Cultivating Independence In Our Children

Cultivating Independence In Our Children

By Colleen Drobot

A recent study reported that North Americans place a high value on independence. We all want our children to grow up and stand on their own two feet; who wants their 30 year old still living at home? The problem is, as developmental psychologist Dr. Gordon Neufeld states, we are not birds that can be pushed out of the nest. In fact, the more we push independence, the more children will cling, give up, or look to someone else for help.

If we want to deepen attachment and cultivate independence, we first need to invite our children to depend upon us.

Paradoxically, when we give the message to our children that we will take care of them, that they can count on us and lean on us, it helps them to relax and feel well nurtured. This kind of support encourages them to venture forth, and try new things on their own. I know this first hand from my own experiences. When I am having a problem with my computer, the more my husband denies me help, the more helpless I feel, and the more I want to give up. When he moves in and says, “Here let me help you,” I feel grateful and endeared to him. I rest, and it renews my energy and confidence to figure things out for myself. In order for humans to stand on their own feet they need to feel well taken care of first.

Although we may understand this intuitively, it can be surprising to hear that to foster independence we must first invite dependence. We fear that if we give our kids an inch, they will take a mile. Yet the paradox that inviting dependence actually fosters independence is evident in studies done with toddlers. Toddlers, whose parents told them they would not be picked up, that they needed to walk on their own, were the ones who refused to do so. Toddlers whose parents picked them up generously were the ones who wanted to get down and run around on their own.

I worked for a wonderful principal who knew this secret. He was generous in inviting us to lean on him and was always supportive of his staff. The teachers were attached to him and he brought out the best in us; we actually worked harder for him than any other principal. He was an amazing leader on whom we could depend. All great teacher movies illustrate this. The teacher invites the student to lean on him/her until the student is strong enough to soar. We never see the master teacher being stingy or saying, “Don’t come to me for support. You’re on your own!” Instead they invite us into their classrooms, letting us know they are available for extra help. If we are struggling with an assignment, they give us the message “I am here for you when you need it.”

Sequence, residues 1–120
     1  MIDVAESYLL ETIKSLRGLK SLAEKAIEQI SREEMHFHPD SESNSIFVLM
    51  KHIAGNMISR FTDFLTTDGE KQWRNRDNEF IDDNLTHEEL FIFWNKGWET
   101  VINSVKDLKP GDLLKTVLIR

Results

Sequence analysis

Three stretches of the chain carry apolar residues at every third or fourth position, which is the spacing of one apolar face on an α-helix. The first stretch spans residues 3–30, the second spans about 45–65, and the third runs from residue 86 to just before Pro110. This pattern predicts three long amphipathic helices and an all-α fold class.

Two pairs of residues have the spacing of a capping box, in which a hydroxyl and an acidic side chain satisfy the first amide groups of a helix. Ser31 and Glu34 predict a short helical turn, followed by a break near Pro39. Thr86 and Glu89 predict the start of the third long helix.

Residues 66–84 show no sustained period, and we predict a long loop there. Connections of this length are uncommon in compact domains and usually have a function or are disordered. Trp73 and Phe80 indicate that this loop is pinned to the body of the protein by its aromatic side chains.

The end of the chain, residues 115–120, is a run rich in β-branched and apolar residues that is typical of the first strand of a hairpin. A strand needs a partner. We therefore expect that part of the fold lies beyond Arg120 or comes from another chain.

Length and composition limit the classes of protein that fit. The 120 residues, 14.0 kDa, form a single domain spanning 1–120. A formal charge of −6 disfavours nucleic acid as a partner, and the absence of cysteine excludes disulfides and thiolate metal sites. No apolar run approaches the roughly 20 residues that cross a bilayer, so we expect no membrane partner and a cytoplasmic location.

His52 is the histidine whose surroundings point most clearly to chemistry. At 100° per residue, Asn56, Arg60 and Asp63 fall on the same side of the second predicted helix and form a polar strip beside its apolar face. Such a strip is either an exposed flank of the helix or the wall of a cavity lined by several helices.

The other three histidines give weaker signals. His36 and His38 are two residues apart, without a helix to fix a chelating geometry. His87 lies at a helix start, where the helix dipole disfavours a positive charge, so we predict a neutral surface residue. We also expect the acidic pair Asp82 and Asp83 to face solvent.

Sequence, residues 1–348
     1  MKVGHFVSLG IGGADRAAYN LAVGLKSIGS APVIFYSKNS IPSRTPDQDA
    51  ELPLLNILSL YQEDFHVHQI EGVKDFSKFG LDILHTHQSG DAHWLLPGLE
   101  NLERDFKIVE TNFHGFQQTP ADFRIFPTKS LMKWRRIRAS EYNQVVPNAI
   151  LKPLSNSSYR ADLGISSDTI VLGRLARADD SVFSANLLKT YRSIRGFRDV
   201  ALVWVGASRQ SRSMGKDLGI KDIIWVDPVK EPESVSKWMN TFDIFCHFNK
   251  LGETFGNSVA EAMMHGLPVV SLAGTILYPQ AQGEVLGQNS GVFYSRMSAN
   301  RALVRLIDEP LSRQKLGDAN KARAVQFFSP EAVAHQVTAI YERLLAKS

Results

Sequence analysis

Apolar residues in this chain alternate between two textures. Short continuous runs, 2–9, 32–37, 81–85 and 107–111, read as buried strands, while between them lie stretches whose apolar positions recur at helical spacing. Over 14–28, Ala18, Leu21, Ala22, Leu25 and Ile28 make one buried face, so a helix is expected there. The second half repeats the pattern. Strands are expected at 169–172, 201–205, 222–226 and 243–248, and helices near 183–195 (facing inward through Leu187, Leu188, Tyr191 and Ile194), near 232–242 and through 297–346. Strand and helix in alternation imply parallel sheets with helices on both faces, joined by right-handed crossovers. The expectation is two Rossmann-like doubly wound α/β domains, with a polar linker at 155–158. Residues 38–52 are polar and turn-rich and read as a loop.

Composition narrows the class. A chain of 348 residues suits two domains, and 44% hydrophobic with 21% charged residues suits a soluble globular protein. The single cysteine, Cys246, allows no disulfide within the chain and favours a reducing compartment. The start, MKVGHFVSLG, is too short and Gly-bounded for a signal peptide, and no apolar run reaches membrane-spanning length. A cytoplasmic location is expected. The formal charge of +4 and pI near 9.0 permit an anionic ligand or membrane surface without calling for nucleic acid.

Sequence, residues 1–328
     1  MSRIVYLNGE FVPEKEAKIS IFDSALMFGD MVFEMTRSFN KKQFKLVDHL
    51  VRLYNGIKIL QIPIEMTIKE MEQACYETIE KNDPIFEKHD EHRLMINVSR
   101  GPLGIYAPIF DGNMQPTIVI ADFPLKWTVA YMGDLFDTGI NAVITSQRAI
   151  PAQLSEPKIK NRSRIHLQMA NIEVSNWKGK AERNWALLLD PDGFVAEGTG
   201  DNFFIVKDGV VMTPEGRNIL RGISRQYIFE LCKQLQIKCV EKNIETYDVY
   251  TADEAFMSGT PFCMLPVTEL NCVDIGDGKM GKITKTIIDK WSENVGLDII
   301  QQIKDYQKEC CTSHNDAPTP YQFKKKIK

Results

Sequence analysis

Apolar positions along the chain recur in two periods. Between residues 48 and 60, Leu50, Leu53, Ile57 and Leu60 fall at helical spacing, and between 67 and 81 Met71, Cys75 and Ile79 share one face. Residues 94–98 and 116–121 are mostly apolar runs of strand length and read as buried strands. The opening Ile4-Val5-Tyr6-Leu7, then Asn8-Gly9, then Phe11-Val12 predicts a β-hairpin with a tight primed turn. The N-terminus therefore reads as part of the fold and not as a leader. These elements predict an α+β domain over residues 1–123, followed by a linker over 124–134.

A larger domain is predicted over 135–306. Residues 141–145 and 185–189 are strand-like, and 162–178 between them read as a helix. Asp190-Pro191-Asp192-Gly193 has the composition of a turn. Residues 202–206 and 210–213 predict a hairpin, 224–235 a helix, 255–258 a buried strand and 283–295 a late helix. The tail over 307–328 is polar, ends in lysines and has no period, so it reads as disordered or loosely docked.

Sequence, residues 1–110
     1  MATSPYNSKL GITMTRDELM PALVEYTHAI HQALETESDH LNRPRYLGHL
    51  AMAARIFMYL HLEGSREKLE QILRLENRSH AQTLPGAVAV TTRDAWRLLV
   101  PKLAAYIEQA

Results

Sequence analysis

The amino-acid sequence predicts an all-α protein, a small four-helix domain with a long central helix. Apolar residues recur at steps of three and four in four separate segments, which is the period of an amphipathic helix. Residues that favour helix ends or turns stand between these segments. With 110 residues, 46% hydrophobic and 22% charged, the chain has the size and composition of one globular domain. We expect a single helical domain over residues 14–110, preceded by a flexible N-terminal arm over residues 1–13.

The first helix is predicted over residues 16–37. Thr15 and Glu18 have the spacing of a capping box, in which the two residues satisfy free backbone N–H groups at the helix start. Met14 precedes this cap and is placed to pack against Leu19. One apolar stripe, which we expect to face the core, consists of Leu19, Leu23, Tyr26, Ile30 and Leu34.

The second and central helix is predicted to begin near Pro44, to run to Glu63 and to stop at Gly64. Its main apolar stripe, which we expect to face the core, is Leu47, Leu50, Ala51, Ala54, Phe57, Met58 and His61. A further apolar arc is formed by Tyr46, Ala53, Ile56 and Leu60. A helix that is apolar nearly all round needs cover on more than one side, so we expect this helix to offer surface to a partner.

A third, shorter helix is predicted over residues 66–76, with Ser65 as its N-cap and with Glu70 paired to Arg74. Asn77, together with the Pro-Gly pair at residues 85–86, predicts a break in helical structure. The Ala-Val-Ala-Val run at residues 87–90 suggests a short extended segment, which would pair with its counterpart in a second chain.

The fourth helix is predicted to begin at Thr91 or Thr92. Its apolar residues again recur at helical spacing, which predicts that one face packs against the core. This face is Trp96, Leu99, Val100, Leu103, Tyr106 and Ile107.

I find this wisdom to be true over and over again with my own children. When I say to my daughter, “You’re struggling with that shoe, let me help you tie the laces” she wants to learn to tie them herself. When I say to my son who is struggling to write, “I’m going to help you. I’ll write every other line for you,” not only is he grateful, he is willing to try it himself rather than becoming overwhelmed and giving up. It is not that a nudge isn’t sometimes appropriate or that we can never say “no, I can’t help you right now.” Nor does it mean we should rush in to fix everything or interrupt them wanting to do something for themselves.

Being generous in our willingness to take care of our children goes a long way in helping them mature and grow.

There is another benefit to inviting our children to depend on us. It is an excellent way to deepen attachment. When we know someone will be there for us, we naturally want to move in closer to him or her. We give them our hearts and are open to their influence. Dr. Neufeld humorously points this out in his video-series the Power to Parent. Can you imagine if we were dating someone and with plans to marry and he or she announced, “Now before we get married, I just want to get something straight. Don’t expect me to do anything for you that you can do yourself!” We certainly wouldn’t be giving our hearts to them for much longer. When we first fall in love, we call each other “baby” and tell each other: “Your problems are my problems. You can depend upon me.” This deepens attachment and helps us to fall into a deeper love. This is true for our children as well, even our teens. If we can convey the message that we are on their side, we are in charge, and we will take care of them, our children can relax. They will rest in knowing we are in the driver’s seat and they can depend on us.

Faith in the developmental process and trust that we are our children’s best bet will help them to realize their full potential. And one day, if we are lucky enough to live a long life, they may invite us to depend on them

Jessie Kuehn